More than 99 percent of all species, amounting to over five billion species, that ever lived on Earth are estimated to have died out.
Estimates on the number of Earth’s current species range from 10 million to 14 million, of which about 1.2 million have been documented and over 86 percent have not yet been described.
How many animals go extinct every year?
These experts calculate that between 0.01 and 0.1% of all species will become extinct each year. If the low estimate of the number of species out there is true – i.e. that there are around 2 million different species on our planet** – then that means between 200 and 2,000 extinctions occur every year.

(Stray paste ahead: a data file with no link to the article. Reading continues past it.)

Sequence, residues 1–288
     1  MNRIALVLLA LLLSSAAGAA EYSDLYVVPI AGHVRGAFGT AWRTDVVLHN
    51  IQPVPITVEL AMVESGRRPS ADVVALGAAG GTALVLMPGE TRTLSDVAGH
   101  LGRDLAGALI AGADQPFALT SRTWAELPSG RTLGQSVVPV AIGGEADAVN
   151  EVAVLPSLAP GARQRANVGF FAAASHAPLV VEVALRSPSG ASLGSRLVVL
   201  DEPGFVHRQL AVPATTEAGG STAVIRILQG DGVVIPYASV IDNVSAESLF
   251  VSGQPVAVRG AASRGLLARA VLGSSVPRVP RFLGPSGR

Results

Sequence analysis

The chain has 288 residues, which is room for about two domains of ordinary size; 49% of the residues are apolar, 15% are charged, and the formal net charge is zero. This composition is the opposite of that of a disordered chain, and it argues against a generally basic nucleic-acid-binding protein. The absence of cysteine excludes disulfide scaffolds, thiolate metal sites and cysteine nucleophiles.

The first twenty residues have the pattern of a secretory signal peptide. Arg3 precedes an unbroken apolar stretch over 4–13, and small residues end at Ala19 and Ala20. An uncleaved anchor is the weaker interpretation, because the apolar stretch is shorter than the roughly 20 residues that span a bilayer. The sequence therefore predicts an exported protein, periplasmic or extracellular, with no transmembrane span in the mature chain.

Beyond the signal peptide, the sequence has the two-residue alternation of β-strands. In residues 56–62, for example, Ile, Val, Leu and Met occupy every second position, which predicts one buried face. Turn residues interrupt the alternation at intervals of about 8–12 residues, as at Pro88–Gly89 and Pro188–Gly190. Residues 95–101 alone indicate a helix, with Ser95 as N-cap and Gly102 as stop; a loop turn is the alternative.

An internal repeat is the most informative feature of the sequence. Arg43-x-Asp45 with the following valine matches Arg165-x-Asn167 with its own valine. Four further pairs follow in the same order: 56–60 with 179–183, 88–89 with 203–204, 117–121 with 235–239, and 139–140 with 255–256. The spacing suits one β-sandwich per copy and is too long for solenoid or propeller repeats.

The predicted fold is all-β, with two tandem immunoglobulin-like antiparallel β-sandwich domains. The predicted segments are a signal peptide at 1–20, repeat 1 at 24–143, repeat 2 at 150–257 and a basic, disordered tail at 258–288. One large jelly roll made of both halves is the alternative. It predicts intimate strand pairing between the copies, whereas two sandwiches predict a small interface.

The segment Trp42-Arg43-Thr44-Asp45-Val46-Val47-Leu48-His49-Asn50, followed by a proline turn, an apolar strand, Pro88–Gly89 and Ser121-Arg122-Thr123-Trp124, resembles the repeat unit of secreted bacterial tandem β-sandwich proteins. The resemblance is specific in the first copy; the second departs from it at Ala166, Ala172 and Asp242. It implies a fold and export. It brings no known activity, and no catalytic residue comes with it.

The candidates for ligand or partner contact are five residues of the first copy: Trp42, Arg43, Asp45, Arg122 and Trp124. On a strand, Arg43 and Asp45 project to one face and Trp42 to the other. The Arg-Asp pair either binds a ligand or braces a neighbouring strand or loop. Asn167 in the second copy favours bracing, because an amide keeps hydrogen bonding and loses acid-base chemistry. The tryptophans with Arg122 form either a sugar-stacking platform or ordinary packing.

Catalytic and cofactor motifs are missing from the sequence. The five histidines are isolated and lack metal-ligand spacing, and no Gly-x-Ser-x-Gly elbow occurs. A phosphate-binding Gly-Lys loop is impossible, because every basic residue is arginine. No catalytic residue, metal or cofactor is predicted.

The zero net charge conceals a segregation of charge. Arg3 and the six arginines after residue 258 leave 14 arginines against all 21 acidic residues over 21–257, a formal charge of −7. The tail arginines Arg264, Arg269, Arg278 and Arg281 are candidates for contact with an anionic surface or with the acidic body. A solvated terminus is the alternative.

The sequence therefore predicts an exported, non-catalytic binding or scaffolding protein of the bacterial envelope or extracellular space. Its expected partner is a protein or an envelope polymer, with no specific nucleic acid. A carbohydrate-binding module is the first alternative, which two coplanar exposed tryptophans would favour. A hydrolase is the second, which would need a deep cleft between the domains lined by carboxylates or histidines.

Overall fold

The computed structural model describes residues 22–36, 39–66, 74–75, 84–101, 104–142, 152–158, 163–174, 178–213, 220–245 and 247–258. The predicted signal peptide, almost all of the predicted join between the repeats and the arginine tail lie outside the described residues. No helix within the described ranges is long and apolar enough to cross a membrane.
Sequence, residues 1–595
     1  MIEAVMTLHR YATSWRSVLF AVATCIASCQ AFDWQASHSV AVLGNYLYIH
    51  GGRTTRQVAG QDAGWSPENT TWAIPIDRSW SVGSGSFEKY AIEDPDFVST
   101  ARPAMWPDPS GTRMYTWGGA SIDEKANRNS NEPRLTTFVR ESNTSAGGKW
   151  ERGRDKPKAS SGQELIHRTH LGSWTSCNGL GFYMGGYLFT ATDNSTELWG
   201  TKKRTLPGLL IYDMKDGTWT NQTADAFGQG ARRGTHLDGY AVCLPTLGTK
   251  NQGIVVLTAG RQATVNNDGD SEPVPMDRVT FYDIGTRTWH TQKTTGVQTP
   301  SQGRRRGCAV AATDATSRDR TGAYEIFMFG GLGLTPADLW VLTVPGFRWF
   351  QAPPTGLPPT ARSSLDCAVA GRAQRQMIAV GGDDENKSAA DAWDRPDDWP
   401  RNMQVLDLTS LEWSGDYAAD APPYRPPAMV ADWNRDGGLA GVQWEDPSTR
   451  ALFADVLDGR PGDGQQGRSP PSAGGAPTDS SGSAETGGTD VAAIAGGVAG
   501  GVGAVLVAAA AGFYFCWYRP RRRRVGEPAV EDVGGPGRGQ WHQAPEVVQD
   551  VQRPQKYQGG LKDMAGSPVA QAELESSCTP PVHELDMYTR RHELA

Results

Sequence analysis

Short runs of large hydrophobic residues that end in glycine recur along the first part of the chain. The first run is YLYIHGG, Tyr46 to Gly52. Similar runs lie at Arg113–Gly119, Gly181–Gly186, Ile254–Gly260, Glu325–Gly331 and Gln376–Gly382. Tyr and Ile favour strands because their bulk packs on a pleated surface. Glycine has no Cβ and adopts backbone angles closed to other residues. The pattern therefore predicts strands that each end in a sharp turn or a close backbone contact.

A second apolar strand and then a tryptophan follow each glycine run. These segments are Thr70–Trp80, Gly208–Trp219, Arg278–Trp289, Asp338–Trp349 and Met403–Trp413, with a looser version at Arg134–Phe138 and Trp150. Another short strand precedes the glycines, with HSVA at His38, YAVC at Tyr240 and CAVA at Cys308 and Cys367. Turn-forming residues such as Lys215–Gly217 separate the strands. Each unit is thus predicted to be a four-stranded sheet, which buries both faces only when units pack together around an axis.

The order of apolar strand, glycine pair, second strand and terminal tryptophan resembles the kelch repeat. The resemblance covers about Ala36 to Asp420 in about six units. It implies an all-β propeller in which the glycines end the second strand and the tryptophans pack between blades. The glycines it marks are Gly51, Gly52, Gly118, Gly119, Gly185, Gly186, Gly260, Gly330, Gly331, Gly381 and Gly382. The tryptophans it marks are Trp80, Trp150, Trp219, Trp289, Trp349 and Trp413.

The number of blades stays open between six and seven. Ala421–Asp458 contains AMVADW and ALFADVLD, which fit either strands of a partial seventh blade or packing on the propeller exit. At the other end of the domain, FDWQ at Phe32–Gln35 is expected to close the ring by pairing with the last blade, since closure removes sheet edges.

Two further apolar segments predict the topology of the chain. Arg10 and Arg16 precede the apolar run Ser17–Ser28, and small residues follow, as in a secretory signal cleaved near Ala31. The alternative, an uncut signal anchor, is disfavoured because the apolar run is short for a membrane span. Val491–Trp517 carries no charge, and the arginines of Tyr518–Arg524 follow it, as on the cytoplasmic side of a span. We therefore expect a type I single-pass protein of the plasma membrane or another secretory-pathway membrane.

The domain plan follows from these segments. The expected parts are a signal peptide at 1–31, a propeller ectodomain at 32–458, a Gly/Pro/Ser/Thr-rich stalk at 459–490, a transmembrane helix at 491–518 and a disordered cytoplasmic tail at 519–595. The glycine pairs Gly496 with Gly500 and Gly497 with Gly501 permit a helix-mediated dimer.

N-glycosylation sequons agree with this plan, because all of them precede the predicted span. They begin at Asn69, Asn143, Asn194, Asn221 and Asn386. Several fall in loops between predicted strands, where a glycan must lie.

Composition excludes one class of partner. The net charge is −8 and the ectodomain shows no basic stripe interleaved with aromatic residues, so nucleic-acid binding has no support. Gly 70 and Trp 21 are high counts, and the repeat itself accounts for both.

How many animals went extinct in 2018?
Scientists announced that three bird species vanished from the Earth for good in 2018. While 2018 didn’t see much wildlife extinction, the Earth is losing animal species at 1,000 to 10,000 times the natural rate. Below are species that we lost last year, and some that we’re on the brink of losing.
How many animals have gone extinct in the last 100 years?
Nearly 500 species have gone extinct during the last century–and in most cases, we humans are to blame. According to a 2015 study by the National Autonomous University (UNAM), 477 species have disappeared since 1900 due to our degradation and destruction of their natural habitats.
What animals have humans made extinct?
Here are 10 iconic species no longer on Earth, largely thanks to humans.
- Passenger pigeon.
- Western black rhinoceros.
- Pyrenean ibex.
- Tasmanian tiger.
- Steller’s sea cow.
- Woolly mammoth.